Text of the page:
Look around you. Is your office space cluttered with extra chairs? Are there budding bakers in your office? Is running half-marathons your CEO’s kinda bag? If so, think about how you can use these elements to do some good and donate to a charity.
Giving to charity should be something that every business considers doing. Charity donations – financial or otherwise – should always be with the greater good at heart.
There are bound to be businesses out there that align themselves with charities for public relations reasons, viewing charitable giving as a gateway to ensuring people’s affections whilst lowering the amount of Corporation Tax they pay. If this is your main reason for donating to the charity of your choice, stop reading now and rethink your reasons why.
Whether you choose to give a financial donation, donate equipment, stock or property, giving to charity is a brilliant thing to do, and far simpler than a lot of people think.
How do I give to charity through my business?
There are different rules depending on whether your business is a limited company or sole trader:
If you wish to make a donation to charity via your limited company, you will need to keep the documentation surrounding the donation. Donations are classed as an expense and put through your accounts as Payment of Charitable Donation.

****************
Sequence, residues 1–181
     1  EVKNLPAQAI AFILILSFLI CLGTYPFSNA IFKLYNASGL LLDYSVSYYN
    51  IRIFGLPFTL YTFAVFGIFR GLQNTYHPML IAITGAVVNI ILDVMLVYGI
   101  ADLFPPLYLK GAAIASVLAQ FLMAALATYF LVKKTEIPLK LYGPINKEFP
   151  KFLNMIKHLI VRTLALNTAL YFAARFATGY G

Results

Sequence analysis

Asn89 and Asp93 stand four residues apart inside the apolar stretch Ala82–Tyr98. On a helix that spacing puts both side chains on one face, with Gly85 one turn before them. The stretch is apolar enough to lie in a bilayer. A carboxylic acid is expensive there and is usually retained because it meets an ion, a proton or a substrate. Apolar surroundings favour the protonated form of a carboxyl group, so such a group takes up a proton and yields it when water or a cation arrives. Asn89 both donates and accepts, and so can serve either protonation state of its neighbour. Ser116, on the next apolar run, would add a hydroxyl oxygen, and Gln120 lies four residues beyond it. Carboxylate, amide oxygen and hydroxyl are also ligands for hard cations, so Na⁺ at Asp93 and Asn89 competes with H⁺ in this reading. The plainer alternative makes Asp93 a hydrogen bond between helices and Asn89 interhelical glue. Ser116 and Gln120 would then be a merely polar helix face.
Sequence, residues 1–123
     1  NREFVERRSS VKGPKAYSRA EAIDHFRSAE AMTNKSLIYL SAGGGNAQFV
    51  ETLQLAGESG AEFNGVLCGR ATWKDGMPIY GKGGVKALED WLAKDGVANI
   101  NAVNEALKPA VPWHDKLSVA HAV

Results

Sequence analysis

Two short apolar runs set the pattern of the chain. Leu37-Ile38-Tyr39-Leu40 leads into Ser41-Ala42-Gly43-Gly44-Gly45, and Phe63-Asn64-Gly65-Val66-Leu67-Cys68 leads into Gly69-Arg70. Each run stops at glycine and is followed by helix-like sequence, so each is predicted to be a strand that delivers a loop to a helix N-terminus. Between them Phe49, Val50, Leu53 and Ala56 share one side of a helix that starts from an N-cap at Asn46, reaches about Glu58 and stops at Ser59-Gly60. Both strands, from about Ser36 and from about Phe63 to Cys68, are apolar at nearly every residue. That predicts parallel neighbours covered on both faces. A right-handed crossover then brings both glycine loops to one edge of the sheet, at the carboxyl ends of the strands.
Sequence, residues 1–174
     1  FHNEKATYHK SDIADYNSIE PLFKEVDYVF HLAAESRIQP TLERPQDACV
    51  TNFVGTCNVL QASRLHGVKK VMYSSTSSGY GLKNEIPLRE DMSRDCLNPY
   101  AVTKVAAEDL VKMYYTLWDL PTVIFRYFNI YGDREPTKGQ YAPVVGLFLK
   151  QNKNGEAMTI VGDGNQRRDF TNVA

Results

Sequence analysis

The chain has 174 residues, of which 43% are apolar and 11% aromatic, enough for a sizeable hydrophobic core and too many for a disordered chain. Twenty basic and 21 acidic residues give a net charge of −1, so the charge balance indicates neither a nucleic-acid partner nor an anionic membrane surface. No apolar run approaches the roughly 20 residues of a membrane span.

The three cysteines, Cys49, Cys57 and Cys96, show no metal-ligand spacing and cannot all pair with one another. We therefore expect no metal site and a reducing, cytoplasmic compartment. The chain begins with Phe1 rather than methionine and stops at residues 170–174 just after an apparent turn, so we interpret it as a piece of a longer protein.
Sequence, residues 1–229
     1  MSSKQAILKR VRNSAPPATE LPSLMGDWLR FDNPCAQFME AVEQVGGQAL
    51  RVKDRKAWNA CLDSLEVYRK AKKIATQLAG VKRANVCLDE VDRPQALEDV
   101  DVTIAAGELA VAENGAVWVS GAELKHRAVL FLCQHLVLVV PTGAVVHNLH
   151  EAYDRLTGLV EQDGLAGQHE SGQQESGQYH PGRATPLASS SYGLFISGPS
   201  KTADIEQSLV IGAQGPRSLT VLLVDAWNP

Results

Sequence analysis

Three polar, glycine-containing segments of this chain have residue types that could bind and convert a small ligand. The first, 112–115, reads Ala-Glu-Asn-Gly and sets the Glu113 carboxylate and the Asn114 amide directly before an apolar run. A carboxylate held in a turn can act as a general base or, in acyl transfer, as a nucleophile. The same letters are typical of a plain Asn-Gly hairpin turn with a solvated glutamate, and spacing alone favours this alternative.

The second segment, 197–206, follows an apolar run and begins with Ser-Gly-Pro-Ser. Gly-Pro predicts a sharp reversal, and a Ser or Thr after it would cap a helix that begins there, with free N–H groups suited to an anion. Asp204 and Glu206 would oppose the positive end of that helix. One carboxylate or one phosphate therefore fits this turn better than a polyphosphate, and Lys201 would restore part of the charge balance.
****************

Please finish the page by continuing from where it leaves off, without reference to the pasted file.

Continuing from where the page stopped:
Making charity donations as a limited company lowers the amount of Corporation Tax you pay – see below for how this works.
If you are a sole trader, or in partnership, then a donation to charity wouldn’t count as a day-to-day running cost of your business.
That means that, if you pay the money from your business’s bank account, you would need to record this transaction as “drawings”, or a non-business transaction.
But you may still be able to get tax relief on the donation, so long as you’ve made it under Gift Aid.
When you Gift Aid a donation, the charity can claim some money back from the government. This is the equivalent of basic rate tax on that donation – for example, if you give £10 to a charity under Gift Aid, then the charity will be able to claim an extra £2.50 back from the government.
If you are a higher-rate taxpayer, then you can claim tax relief on the difference between the basic rate tax relief the charity has already claimed, and the higher rate – so for your donation of £10, the charity could claim £2.50, and you would get £2.50 in tax relief, since the higher rate is 40% and the charity has already claimed 20% of that.
To claim this tax relief, you should record the donations in the main section of your tax return.
Need some inspiration?
Many of the big name businesses donate to charity one way or another. Apple and Google both run a gift-matching program meaning that any employee who donates to charity (through a sponsored run or bike-ride for example) will have their contribution matched by the company.
Claire Beveridge is a writer and content producer for Crunch Accounting.
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